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RANDOM encryption


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I'm not sure what the application would be, but it occurred to me that Pokey's RANDOM feature would make a pretty good encryption device. Since you can reset the poly counter and start it at will, you can get RANDOM to return a deterministic sequence provided you control what interrupts are happening. This means you can encrypt data with a number sequence that's a combination of the poly function and the number of cycles between fetches of the RANDOM value. Although straight code to decrypt the data would be somewhat complicated to write on other systems, it would be dead simple on an Atari. It would also probably break on most emulators.


Anyway, just a thought.

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As far as I know, the DMA timing is exactly the same as long as you control the DLIST and don't let VBLANK happen. If there's differences, then they'd have to be compensated for (like resetting Pokey on every field and inserting a different start delay per field). The main system clock shouldn't matter since everything is synced to it.

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You can indeed use the output of RANDOM for encryption, but it's exceptionally weak by modern standards: it is a linear function on the number of machine cycles passed. Specifically, it is the result of x^N mod P in GF(2) arithmetic, where N is the number of cycles passed and P is the characteristic polynomial for the 9-bit or 17-bit generator in use. When I took a cryptography class, one of the exercises was to break an LFSR-based stream cypher using only a handful of bits. Not that this would have mattered much in the olden days -- the solution to such a decryption scheme would be the same for most other, either spoof the inputs or capture the output.


Replicating it in pure software is not hard; the 9 bit generator can be simulated in the 6502 with only a handful of instructions:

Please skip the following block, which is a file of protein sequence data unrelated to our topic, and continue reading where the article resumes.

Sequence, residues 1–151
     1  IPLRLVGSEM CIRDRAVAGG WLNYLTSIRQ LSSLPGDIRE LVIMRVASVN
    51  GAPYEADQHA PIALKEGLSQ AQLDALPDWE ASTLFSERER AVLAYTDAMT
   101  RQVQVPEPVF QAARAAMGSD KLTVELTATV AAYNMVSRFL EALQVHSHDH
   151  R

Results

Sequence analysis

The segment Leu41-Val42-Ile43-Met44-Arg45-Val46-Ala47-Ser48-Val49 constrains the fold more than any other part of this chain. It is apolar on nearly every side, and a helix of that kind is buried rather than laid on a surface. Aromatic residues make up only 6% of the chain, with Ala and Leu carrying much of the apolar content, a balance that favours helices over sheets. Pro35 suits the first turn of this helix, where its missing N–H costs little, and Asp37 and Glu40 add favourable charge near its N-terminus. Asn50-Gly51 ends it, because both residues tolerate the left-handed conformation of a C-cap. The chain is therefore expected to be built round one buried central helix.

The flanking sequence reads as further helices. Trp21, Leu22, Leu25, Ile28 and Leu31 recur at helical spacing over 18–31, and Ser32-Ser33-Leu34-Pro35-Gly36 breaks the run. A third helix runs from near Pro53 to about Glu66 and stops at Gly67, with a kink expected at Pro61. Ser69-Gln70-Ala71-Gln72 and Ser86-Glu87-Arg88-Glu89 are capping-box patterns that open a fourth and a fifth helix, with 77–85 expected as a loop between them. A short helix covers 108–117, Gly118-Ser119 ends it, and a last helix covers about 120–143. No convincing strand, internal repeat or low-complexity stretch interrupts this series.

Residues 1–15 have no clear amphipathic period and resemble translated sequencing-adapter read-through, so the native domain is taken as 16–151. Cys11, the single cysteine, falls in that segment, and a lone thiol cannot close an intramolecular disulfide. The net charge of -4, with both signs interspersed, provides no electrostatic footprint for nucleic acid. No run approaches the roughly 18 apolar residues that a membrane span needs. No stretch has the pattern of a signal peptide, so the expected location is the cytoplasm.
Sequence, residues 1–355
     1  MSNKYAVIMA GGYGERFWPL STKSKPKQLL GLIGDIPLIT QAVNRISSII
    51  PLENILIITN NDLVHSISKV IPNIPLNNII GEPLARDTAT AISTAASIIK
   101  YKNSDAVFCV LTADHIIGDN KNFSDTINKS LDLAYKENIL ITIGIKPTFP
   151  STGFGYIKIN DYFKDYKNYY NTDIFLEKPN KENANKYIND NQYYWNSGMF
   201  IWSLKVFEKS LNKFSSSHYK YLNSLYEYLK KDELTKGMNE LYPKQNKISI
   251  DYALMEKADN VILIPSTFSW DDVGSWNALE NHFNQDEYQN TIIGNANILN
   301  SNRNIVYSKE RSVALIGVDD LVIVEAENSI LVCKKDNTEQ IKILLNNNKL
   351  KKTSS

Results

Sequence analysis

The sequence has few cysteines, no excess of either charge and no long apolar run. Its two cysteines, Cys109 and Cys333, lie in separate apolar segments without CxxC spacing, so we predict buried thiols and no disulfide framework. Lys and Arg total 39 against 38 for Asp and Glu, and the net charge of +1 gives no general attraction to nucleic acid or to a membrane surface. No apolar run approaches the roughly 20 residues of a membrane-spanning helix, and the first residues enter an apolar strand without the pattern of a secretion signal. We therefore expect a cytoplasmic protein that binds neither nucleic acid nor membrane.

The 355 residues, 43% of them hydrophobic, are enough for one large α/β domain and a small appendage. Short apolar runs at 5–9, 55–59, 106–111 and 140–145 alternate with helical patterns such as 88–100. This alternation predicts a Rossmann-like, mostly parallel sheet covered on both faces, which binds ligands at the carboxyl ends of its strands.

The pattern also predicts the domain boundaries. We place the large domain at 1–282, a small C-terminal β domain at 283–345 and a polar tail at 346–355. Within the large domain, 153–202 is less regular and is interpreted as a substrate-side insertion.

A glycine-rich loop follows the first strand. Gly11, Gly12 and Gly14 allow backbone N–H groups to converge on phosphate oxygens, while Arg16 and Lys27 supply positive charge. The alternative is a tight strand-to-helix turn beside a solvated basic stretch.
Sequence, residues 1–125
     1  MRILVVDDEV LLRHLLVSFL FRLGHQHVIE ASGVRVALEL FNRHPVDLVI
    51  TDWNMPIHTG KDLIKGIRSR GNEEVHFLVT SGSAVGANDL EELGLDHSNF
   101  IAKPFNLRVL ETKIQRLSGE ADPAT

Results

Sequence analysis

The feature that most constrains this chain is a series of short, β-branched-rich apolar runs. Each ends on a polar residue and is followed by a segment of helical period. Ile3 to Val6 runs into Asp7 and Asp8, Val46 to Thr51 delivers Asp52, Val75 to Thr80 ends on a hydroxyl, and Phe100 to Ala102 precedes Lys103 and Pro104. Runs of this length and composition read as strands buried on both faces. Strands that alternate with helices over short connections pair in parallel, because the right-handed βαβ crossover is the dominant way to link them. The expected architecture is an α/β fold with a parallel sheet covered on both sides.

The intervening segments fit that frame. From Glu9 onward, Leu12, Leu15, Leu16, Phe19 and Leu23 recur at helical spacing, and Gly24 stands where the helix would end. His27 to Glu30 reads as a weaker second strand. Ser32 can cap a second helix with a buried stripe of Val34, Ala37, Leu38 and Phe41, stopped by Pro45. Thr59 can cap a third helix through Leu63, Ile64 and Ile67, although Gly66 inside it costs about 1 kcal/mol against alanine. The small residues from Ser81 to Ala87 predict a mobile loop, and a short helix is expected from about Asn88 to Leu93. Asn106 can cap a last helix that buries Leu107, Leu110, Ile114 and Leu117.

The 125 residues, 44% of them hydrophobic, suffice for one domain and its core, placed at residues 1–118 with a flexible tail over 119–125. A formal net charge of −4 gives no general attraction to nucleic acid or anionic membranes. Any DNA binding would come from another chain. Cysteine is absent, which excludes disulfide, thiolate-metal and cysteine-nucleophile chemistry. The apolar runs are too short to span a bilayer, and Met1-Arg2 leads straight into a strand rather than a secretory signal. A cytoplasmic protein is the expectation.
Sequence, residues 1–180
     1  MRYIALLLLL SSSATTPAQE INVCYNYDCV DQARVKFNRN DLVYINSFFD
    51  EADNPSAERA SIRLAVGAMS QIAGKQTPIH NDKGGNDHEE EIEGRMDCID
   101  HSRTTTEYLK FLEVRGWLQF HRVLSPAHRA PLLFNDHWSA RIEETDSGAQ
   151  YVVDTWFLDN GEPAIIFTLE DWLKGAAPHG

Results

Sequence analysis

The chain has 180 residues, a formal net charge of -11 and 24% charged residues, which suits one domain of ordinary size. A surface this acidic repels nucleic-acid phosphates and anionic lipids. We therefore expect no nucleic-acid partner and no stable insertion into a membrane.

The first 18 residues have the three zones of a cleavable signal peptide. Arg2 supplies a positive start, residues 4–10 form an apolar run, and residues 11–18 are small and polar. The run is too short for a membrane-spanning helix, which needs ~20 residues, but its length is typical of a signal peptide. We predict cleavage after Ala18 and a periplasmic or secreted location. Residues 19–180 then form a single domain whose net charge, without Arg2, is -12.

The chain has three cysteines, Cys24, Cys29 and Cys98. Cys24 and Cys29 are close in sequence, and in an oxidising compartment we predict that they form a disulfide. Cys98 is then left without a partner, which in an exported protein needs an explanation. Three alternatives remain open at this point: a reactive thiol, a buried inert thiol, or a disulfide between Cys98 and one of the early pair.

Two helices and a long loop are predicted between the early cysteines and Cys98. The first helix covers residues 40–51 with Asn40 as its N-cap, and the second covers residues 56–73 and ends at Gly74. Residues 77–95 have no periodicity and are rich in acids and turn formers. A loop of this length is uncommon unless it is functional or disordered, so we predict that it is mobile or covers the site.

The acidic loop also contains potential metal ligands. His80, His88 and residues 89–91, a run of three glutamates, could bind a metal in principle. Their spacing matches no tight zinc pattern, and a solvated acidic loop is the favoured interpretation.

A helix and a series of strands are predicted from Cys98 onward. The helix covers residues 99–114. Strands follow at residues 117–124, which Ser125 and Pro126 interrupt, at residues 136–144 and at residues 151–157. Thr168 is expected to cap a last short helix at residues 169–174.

lda #0
    sta xrandom
    lda #1
    ror xrandom
    bcc loop
    eor #$08
    bcs loop

I believe this is common practice for random number generation on the 2600, which lacks a CPU-visible PRNG. Of course, back then the polynomials for RANDOM were probably not widely known and would have been difficult to determine. Nowadays, you could just brute force it given some samples, much less use a fancy algorithm or look at the schematic.


Altirra implements the exact LFSR generators, by the way. I don't remember seeing code rely on this as a protection trick, though it would be hard to see this when everything is working. I have seen protection code use VCOUNT for encryption to stop software-based debuggers.


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The random sequence doesn't take the extra or one less cycle to initate with a warm vs cold Pokey does it?


I suppose the lack of protection schemes using it probably comes down to lack of knowledge at the time, and possibly the chance that decryption could fail if a future revision changed Pokey.

It would have been a nifty way to hide bits of code - firstly setup the screen DMA to something that wouldn't be normally encountered via use of width, PMG DMA and HSCROL. Then decrypt the incoming blocks of code. To make things even harder, have something like a duplicate sector read which gives one or another pattern of DMA waits, have the decryption create valid code either way but only properly working code if the correct sector data has come down.

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The random sequence doesn't take the extra or one less cycle to initate with a warm vs cold Pokey does it?


No, I have never seen or heard of the pattern or the timing of the initial sequence changing between machines. The only program visible chip/temperature sensitive timings that I know of with just the stock computer are POKEY IRQs, GTIA mode switches, and floating pins on PIA port B.

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